for the Social Credit
The Financing of Public Works
— What was just explained shows how Douglas's financial propositions could be applied to the production and distribution of consumer goods, the goods that individuals and families buy on the market. Could this method be applied also to the production and the payment of public works?
Definitely! In that case, consumption is best called depreciation: the gradual consumption by wear and tear that accompanies the aging of public works. They are consumed by everyone, represented by government or by a local public body, as in the case of schools, waterworks, municipal buildings, roads, sidewalks, sewer systems. Once carried out, these public works are undoubtedly a new production. Therefore, this production must also be financed by new credits.
— In the case of consumer goods, you got the producers to finance themselves through the existing financial system, without excluding interest-bearing bank loans; then, you had these costs covered by interest-free social credits when the finished goods went from the wholesaler to the retailer who serves the consumers. Would it be the same for public works, and when would the financial costs of this new production be covered by interest-free credits?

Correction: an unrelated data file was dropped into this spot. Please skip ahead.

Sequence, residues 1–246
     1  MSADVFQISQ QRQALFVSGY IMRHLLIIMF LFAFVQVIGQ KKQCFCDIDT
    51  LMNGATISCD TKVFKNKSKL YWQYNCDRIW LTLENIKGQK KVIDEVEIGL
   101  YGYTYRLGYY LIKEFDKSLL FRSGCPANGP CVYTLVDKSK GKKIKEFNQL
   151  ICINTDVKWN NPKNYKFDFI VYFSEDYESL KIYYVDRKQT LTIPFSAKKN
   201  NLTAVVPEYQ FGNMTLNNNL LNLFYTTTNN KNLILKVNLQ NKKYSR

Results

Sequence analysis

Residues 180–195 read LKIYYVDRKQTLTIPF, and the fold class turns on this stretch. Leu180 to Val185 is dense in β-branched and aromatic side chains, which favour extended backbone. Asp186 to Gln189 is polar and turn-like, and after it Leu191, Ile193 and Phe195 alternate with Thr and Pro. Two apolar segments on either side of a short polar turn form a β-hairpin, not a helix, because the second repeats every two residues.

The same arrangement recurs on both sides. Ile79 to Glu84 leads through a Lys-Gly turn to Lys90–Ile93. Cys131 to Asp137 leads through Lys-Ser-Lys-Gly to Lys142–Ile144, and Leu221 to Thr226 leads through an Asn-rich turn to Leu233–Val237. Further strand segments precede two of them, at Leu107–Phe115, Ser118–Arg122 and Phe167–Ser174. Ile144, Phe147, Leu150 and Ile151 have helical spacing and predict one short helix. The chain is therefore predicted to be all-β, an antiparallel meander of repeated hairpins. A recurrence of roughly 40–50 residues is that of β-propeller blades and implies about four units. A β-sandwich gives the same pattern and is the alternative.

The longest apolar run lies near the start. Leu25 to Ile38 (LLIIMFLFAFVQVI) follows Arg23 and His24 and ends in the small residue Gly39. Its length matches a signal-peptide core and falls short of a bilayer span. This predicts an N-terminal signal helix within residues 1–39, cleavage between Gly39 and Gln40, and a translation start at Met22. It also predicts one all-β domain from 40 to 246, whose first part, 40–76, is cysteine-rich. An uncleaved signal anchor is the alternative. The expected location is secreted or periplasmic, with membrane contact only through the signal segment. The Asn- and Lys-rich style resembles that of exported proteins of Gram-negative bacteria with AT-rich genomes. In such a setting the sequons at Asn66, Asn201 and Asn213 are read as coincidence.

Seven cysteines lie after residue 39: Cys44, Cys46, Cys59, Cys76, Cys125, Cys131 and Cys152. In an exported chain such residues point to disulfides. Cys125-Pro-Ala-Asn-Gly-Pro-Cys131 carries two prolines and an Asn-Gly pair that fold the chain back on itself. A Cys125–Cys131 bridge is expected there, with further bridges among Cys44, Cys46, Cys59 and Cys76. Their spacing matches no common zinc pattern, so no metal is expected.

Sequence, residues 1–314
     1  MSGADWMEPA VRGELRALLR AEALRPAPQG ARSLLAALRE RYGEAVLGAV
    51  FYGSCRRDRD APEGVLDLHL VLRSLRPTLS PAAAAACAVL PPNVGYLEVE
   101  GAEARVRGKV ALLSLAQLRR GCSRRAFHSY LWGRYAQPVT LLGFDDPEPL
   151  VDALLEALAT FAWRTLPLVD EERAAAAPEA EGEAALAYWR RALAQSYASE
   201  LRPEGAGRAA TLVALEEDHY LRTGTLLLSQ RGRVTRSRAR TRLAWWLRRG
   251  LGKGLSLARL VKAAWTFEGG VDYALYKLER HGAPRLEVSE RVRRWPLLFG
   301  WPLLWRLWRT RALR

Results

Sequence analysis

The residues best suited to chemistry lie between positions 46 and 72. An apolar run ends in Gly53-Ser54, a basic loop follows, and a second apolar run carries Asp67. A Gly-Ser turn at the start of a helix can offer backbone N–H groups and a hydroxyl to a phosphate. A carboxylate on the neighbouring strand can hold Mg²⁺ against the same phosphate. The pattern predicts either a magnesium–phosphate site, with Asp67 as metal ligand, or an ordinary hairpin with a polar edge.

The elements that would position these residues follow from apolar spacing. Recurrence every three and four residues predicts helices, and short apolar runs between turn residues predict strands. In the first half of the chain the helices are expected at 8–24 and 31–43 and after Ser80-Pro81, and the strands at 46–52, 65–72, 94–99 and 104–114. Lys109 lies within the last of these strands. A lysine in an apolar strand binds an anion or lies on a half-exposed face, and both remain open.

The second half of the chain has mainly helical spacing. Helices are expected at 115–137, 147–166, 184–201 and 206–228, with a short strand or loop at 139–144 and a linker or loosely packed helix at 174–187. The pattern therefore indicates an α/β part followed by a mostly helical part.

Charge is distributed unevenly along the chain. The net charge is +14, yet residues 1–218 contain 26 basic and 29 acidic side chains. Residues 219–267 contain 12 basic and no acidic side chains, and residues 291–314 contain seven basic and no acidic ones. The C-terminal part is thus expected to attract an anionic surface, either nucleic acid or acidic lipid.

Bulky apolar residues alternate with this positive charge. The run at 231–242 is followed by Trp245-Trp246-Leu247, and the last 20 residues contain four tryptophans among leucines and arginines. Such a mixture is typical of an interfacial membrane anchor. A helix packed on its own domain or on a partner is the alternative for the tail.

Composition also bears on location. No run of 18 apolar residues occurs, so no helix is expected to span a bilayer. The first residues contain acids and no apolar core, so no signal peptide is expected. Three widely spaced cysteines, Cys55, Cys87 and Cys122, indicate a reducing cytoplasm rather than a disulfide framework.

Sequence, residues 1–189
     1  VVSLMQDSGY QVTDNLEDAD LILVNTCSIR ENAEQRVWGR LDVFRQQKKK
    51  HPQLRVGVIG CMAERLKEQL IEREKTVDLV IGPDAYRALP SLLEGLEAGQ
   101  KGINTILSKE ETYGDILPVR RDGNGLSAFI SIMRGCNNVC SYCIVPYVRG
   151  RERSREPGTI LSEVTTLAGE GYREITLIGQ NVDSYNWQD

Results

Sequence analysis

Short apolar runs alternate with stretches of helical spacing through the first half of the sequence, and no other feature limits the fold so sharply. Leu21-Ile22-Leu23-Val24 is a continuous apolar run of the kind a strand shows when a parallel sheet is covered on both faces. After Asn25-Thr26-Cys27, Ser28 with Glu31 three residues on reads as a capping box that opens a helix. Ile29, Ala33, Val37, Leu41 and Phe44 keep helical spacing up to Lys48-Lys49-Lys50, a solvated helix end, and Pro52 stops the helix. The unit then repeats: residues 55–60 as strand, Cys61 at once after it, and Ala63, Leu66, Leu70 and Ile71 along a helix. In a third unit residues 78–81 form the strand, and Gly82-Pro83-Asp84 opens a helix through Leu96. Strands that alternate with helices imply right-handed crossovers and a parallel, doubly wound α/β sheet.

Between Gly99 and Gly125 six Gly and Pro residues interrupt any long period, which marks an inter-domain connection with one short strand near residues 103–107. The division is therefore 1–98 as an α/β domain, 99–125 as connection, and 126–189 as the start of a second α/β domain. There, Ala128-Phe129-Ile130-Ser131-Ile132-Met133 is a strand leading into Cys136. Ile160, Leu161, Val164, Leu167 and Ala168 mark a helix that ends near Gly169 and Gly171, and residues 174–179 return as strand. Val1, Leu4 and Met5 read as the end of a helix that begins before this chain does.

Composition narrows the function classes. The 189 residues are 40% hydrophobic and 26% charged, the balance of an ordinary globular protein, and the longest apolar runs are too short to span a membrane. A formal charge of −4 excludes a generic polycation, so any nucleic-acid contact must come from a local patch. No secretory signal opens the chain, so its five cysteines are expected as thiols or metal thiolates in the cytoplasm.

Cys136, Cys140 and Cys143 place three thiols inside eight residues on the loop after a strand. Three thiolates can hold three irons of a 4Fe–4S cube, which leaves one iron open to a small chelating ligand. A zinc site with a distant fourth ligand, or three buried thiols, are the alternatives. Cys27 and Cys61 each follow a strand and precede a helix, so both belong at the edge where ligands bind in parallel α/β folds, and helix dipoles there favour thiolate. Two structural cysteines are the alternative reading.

Usually – and the method should be extended – governments and other public administrations entrust contractors with the execution of these works. Most of the time, the lowest bidder is chosen, after having his competence and liability assessed.
The contractor would finance himself in the same manner that the producers of consumer goods do, either with funds already at his disposal, or with loans he could obtain from a bank by promising to repay the capital and interests.
As for the new credits to finance these public works, the public administration that commandeered these would get the interest-free credits to pay the contractor at the moment the public body takes possession of the completed works.
From the time of delivery, the population, which is the consumer in this case, would pay for their consumption, i.e for their wear and tear, their depreciation, at the rate at which it takes place.
— Would you explain this by an example?
We have seen, at the beginning of this study, that a country's real credit resides in that country's production capacity. It is a social credit and all of the country's financial credit, being based on its real credit, is also a social credit.